It's a weird little retro horror series, done in black-and-white 1960s style. That look is the best thing about it. It looks like nothing else in decades. It also has a fantastic basic idea. However it's inherently insubstantial, which is almost unavoidable given its running time, and I don't think it quite manages to be special enough to sell itself. I thought it was okay. It has a memorable look and concept, but I wouldn't say there's much to it beyond that, notwithstanding one or two good episodes.
Our hero is Santa, who's on a mission to go around killing people with his hammer and sending their souls to hell. He really does this, by the way. He leaves corpses lying in their own blood.
...oh, and this isn't Santa Claus. There's no Christmas connection at all, which is a shame since I'd have enjoyed seeing Santa Claus killing naughty boys and girls. Mind you, it might be significant that it's an anagram of "Satan". No red coat. No reindeer. Instead we have a small boy with a pudding bowl haircut, a bow tie and a head spike. I think the latter's part of his hairstyle, but it looks like a German Pickelhaube helmet from WW1.
Anyway, I liked the darkness. There's a lot of potential in a disturbing protagonist who's liable to kill the innocent and I'd have raving about the show had it gone wholeheartedly down this road. Unfortunately, it doesn't. Santa kills bad guys. There are a few wrinkles around the edge of that statement, but basically it's true. Worse still, we eventually learn that hell's actually quite a nice place. It's enlightened. It's part of the Buddhist cycle of life. All that happens there is that you'll do a solid day's work, relax, watch TV and be a model citizen so that you can be reincarnated one day and return to the land of the living. Tch. Disgraceful. If even sending souls to hell is a nice thing to do, can there be any hope for darkness and evil anywhere?
If you can ignore this distressing angle, though, there are still some pleasingly disturbing moments here. Ep.1 shows Santa ignoring some gangsters and instead killing the victim they'd been bullying. (He has a reason, but it's still an attention-grabbing start to the series.) Ep.8 has Santa doing something freaky to a tragic orphan girl. She thinks it's a happy ending. That's sweet. I agree. Some people might think it's a living nightmare, though. My personal favourite though is ep.10, in which Santa does nothing as a gangster dies in front of his eyes, then goes to the man's dying son in hospital to deliver the news. Unfortunately Santa isn't a people person. "It stands to reason that a bastard like that should end up dead." This only gets blacker and funnier, with another "happy ending" to keep you awake at night, screaming.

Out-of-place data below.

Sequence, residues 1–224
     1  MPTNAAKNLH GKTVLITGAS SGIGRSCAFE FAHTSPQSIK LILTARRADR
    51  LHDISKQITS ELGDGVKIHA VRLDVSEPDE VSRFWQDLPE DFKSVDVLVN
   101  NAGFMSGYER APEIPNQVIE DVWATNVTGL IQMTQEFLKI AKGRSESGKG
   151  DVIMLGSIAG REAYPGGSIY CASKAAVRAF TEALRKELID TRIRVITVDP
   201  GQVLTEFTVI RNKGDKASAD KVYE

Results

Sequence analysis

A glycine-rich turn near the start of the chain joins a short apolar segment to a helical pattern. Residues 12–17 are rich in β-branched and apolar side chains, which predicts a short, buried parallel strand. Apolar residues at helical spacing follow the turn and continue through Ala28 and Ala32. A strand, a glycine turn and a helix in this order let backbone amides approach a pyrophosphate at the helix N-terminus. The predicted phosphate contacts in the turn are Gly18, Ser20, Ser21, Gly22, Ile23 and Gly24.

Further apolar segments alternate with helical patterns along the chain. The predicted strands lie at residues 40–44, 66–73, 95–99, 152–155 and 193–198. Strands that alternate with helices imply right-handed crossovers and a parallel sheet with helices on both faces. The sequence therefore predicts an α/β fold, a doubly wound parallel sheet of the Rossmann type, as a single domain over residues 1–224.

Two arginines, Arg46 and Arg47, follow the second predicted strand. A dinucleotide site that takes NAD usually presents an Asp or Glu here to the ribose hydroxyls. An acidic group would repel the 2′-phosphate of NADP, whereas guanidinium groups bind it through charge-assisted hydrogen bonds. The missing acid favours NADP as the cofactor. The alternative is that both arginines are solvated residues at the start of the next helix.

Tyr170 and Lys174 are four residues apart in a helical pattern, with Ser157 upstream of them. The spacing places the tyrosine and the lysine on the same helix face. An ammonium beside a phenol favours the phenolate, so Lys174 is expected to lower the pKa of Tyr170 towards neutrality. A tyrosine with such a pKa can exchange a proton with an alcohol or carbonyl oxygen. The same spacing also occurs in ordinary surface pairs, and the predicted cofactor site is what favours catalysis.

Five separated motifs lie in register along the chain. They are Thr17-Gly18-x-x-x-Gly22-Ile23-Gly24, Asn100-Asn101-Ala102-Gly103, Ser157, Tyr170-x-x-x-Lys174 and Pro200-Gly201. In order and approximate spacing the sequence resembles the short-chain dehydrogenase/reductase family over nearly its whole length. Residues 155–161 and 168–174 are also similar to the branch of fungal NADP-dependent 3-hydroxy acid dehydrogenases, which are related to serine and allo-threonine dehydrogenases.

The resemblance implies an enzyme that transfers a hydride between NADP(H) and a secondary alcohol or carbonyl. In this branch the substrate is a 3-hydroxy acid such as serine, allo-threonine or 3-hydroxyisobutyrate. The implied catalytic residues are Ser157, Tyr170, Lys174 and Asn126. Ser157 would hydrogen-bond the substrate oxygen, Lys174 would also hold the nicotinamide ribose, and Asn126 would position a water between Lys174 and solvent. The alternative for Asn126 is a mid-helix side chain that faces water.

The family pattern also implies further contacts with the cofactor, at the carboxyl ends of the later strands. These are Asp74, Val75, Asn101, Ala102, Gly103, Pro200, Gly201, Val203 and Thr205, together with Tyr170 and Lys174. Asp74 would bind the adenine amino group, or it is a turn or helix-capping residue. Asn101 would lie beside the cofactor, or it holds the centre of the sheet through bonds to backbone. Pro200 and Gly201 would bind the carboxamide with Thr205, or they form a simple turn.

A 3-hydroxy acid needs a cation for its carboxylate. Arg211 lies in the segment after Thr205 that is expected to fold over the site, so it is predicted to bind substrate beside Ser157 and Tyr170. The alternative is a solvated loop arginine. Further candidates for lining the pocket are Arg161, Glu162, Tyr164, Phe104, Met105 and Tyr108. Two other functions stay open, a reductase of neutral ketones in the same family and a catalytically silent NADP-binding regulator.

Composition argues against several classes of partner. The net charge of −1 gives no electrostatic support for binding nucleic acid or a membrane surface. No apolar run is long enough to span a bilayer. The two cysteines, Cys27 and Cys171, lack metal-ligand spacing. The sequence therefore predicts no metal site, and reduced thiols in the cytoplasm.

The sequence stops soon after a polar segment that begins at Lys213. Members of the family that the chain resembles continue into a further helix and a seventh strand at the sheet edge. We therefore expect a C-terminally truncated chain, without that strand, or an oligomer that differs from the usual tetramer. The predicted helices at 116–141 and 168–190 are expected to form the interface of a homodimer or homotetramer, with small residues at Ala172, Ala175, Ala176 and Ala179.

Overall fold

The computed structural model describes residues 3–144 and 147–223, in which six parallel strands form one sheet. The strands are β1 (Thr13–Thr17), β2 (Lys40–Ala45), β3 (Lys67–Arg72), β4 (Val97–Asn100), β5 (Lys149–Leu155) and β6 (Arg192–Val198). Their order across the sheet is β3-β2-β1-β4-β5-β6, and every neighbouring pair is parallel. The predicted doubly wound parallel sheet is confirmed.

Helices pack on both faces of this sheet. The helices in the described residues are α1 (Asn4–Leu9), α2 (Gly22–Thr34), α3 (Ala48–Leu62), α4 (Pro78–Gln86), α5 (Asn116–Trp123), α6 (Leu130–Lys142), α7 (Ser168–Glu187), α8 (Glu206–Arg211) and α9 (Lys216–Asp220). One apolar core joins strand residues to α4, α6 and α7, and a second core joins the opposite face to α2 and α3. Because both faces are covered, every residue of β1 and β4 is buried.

...well, until that "hell is nice" revelation two episodes later. Drat and blast.
Those episodes I liked. Mostly, though, we're watching a bunch of standalone episodes about something bad happening, usually with an environmental angle. Santa investigates and generally kills someone. The end. This is watchable, but it's not a very challenging formula, especially when we realise that Santa isn't as bad as we'd been expecting.
There's a supporting cast, albeit only occasionally glimpsed. Mutsuko is a colleague of Santa's, who disapproves of excessive happiness because there's only a limited amount of it in the world (eh?) and it needs to be kept in balance with misery. This is demented, but also disturbing from a girl whose job is to go around killing people. They also have an even more rarely glimpsed colleague, Ichinosuke, who just can't stop murdering people and has actually been told off for this by Lord Enma.
The show really does look cool, though. You don't see much black-and-white anime, let alone period-style like this. It has the simple character designs and general lack of detail that you'd get from a 1960s children's TV show... but with serial killer heroes. There's also lots of stock footage from the show's period setting. Yes, live-action. It was provided by Kyushu Asahi Broadcasting and it's being integrated with the hand-drawn animation. Santa's visiting 1960s Kyushu (particularly the now-uninhabited Battleship Island off Nagasaki) and the show's mildly educational in showing us social conditions of the time.
Overall, I quite like it. I love the show's idea and aesthetics. It manages to be distinctive and memorable, which is pretty good at that micro-length. I also like the environmentalism, which is being played wholeheartedly. Santa himself is a very watchable lead character in a dour, deadpan way, as are his colleagues. (Well, Mutsuko.) There are a couple of episodes that really showcase the show's evil potential and I think this could have easily been expanded to a longer series. At the end of the day, though, most of its episodes are comparatively anonymous "Santa vs. a bad guy" stories that don't really grab you.